curriculum and ensuring that any student regardless
of which section you take

Clary Baudraz: You get to practice all of
the different memo writing talking point writing

skills. I think I think would be really the
most powerful tool that we can be worked with

Clary Baudraz: And

Safiya Merchant: I were just quickly add a
class and survey methodology or and other

qualitative methods as a core requirement
would be useful.

Safiya Merchant: I've taken sure that those
qualitative methods which is fantastic.

Safiya Merchant: But survey methodology is
a lot is basically the bread and butter. When

it comes to getting like resident be back
specially like a local government and

Safiya Merchant: There was so much expertise
and understanding how to do surveys, well,

and get some trial and error over the summer.
And I think that'd be really useful to learn

as a part of the core curriculum.

Claire Davidson: Great, thank you. Sophia

Claire Davidson: I received another question
that I think would be interesting to also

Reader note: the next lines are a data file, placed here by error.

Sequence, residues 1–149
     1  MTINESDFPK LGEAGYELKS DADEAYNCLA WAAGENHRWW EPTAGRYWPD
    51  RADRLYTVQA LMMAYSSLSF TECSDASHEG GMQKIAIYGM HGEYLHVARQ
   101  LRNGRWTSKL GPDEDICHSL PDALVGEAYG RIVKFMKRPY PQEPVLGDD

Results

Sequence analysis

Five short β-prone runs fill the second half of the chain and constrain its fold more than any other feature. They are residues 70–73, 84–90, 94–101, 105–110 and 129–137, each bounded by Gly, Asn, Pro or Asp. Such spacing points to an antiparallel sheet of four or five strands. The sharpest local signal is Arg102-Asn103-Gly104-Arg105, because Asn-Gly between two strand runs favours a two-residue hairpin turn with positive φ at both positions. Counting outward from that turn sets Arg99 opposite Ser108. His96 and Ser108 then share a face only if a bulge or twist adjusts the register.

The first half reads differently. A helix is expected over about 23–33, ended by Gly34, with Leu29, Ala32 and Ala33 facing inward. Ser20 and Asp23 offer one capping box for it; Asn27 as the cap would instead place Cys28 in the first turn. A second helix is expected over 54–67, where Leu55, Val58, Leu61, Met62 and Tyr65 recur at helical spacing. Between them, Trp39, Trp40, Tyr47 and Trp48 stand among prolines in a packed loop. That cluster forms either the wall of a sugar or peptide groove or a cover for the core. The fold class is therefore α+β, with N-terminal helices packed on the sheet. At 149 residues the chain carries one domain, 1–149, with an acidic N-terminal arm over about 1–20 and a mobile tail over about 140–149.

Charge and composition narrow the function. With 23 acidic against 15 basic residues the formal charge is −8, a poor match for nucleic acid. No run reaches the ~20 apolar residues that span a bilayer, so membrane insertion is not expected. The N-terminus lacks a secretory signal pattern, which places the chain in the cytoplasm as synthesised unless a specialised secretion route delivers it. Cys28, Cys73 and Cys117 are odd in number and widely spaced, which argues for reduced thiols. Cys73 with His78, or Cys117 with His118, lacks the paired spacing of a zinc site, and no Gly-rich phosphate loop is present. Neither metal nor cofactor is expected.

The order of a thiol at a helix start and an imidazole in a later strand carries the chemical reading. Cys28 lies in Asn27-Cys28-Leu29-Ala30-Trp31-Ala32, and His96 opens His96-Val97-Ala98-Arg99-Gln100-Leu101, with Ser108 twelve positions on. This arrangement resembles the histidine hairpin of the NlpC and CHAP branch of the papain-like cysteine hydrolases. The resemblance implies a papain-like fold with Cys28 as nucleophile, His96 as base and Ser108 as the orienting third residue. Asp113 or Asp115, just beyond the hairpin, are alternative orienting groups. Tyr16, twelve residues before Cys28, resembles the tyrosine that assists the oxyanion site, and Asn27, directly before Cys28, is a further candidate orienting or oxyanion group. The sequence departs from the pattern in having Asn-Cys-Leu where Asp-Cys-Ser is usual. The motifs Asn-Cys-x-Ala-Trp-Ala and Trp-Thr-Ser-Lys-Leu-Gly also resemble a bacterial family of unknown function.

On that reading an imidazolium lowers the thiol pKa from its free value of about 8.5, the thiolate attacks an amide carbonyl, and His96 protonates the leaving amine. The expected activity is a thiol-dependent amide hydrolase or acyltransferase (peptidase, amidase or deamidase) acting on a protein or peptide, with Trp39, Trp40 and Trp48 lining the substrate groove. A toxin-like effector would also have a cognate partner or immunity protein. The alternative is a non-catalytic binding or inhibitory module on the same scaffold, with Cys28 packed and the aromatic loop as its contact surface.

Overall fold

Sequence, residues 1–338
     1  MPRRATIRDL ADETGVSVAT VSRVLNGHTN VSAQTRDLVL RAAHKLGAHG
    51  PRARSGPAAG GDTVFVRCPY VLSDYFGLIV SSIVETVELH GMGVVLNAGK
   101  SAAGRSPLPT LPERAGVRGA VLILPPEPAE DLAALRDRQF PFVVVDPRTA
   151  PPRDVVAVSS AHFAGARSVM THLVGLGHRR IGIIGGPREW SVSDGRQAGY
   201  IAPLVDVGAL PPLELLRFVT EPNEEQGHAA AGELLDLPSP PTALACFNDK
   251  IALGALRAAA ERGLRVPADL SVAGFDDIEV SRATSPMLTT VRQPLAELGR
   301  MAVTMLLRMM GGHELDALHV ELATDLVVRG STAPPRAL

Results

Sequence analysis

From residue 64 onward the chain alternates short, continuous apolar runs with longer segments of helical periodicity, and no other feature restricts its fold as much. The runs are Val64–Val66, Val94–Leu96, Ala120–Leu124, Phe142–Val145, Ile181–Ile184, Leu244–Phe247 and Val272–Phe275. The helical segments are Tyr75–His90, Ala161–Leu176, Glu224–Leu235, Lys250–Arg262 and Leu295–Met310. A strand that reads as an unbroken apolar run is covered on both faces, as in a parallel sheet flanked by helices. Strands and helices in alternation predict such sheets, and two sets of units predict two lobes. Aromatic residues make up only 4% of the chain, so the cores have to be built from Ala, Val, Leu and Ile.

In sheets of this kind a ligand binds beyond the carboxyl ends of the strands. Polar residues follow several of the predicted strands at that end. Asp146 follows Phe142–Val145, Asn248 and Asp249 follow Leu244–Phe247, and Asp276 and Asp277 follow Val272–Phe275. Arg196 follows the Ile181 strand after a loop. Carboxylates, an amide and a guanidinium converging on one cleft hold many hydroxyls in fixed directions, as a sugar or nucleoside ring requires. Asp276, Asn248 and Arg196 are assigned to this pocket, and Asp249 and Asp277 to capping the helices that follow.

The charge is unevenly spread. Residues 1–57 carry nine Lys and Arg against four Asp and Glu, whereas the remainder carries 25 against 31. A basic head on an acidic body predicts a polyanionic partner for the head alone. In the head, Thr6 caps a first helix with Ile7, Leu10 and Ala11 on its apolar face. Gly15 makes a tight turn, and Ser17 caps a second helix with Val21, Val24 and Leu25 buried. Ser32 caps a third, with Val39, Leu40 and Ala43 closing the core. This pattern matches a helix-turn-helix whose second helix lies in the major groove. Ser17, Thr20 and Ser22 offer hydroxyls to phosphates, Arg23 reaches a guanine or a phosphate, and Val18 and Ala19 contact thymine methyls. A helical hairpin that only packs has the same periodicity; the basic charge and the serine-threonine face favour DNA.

Claire Davidson: Hear students perspective

Claire Davidson: This question asks where
you found unexpected joy within your internship

due to having a very uncertain summer or even
within an uncertain summer. Where did you

find where do you find joy in your work or
with your colleagues be interested to hear

perspectives from students

Mariatu Santiago: I, I can say something about
that. So for my

Mariatu Santiago: Internship, I was doing
it with another Ford student

Mariatu Santiago: And we were all virtual
and we weren't in the Virgin Islands and couldn't

chill by blue water. But what was great was
having a partner who

Mariatu Santiago: We were fully in sync with
our projects and, you know, the things that

we cared about.

Mariatu Santiago: And the one of the most
enjoyable parts about this partnership were

really small things like a call after lunch
to see like hey what's up. What are you up

to, like,

Mariatu Santiago: You know, what are some
things that you have planned for the day.

And we also coordinated these like daily check
ins with each other, just to see what was

on our to do list and

Mariatu Santiago: Even though that was work.
It was really enjoyable to have someone who

was on the same wavelength and pages you

Mariatu Santiago: And on a different note.
Another enjoyable thing was having like a